Last month, Yale University Press allowed me to put my book, The Future of Reputation: Gossip, Rumor, and Privacy on the Internet online for free. The experiment has gone quite well. The book’s website received a big bump in traffic, with many people downloading one or more chapters. The book’s sales picked up for several weeks after it was placed online for free. Sales have now returned to about the same level as before the book went online.
I’m delighted to announce that NYU Press has allowed me to put my book, The Digital Person: Technology and Privacy in the Information Age (NYU Press, 2004) online for free.
Here’s a brief synopsis of The Digital Person from the book jacket:
Seven days a week, twenty-four hours a day, electronic databases are compiling information about you. As you surf the Internet, an unprecedented amount of your personal information is being recorded and preserved forever in the digital minds of computers. These databases create a profile of activities, interests, and preferences used to investigate backgrounds, check credit, market products, and make a wide variety of decisions affecting our lives. The creation and use of these databases–which Daniel J. Solove calls “digital dossiers”–has thus far gone largely unchecked. In this startling account of new technologies for gathering and using personal data, Solove explains why digital dossiers pose a grave threat to our privacy.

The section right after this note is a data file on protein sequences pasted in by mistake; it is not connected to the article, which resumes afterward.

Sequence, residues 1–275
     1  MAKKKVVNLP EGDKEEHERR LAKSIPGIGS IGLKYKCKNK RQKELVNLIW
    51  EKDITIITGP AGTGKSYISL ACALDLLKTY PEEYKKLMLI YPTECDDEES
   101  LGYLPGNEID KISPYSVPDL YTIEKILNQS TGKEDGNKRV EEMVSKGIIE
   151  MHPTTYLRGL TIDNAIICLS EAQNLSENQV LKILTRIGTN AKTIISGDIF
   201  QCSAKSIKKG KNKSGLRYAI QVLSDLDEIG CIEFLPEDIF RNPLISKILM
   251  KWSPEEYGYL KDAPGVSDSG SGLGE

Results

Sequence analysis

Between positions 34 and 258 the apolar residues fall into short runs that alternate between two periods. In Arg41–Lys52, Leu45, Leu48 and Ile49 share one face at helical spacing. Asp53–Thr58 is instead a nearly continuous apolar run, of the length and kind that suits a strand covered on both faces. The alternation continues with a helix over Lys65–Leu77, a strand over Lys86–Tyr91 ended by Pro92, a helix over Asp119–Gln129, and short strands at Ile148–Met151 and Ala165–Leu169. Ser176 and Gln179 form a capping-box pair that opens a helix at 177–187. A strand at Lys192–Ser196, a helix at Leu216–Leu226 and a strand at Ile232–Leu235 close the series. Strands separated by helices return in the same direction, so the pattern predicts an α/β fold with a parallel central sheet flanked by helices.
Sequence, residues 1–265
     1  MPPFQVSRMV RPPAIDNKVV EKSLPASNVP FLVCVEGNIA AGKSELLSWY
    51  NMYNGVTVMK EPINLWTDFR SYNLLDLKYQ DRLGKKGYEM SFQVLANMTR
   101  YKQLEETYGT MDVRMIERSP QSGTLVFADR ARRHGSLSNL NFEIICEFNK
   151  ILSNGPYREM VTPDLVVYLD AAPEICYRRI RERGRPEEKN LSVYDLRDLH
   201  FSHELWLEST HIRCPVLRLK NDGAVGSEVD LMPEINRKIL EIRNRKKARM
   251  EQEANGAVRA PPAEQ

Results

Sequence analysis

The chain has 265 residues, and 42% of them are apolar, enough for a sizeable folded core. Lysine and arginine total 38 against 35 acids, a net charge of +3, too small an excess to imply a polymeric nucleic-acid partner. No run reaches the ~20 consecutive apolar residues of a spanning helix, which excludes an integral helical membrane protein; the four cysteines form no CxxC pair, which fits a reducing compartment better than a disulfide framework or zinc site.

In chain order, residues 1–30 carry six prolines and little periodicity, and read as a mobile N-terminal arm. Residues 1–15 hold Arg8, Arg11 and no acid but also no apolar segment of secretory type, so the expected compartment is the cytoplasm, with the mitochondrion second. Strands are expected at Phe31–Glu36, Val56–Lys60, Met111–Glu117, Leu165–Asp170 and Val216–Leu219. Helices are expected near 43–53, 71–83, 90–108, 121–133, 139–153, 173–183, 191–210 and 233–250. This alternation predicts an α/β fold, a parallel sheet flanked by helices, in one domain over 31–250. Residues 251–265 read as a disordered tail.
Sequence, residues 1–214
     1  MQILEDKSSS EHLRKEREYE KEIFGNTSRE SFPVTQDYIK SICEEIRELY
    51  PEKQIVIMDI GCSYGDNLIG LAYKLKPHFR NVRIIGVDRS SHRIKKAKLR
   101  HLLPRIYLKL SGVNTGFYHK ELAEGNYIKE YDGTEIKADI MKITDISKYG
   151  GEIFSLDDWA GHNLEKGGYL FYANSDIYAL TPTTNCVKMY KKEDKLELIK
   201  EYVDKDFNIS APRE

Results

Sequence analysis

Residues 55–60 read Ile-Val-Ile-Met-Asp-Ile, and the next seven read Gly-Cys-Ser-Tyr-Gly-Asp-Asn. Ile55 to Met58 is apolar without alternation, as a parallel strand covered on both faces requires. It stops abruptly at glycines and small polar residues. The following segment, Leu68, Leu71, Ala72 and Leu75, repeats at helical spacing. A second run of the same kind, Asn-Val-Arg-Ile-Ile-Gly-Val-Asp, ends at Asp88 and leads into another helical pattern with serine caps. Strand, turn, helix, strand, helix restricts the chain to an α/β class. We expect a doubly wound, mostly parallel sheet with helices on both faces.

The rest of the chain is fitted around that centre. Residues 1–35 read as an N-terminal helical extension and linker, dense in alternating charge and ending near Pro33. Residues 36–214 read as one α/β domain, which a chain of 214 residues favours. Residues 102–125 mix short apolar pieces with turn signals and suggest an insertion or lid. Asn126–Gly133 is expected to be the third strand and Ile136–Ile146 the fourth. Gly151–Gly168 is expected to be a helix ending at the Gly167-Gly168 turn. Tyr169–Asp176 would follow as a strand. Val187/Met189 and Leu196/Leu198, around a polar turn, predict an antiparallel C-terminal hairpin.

Digital dossiers impact many aspects of our lives. For example, they increase our vulnerability to identity theft, a serious crime that has been escalating at an alarming rate. Moreover, since September 11th, the government has been tapping into vast stores of information collected by businesses and using it to profile people for criminal or terrorist activity. In THE DIGITAL PERSON, Solove engages in a fascinating discussion of timely privacy issues such as spyware, web bugs, data mining, the USA-Patriot Act, and airline passenger profiling.
THE DIGITAL PERSON not only explores these problems, but provides a compelling account of how we can respond to them. Using a wide variety of sources, including history, philosophy, and literature, Solove sets forth a new understanding of what privacy is, one that is appropriate for the new challenges of the Information Age. Solove recommends how the law can be reformed to simultaneously protect our privacy and allow us to enjoy the benefits of our increasingly digital world.
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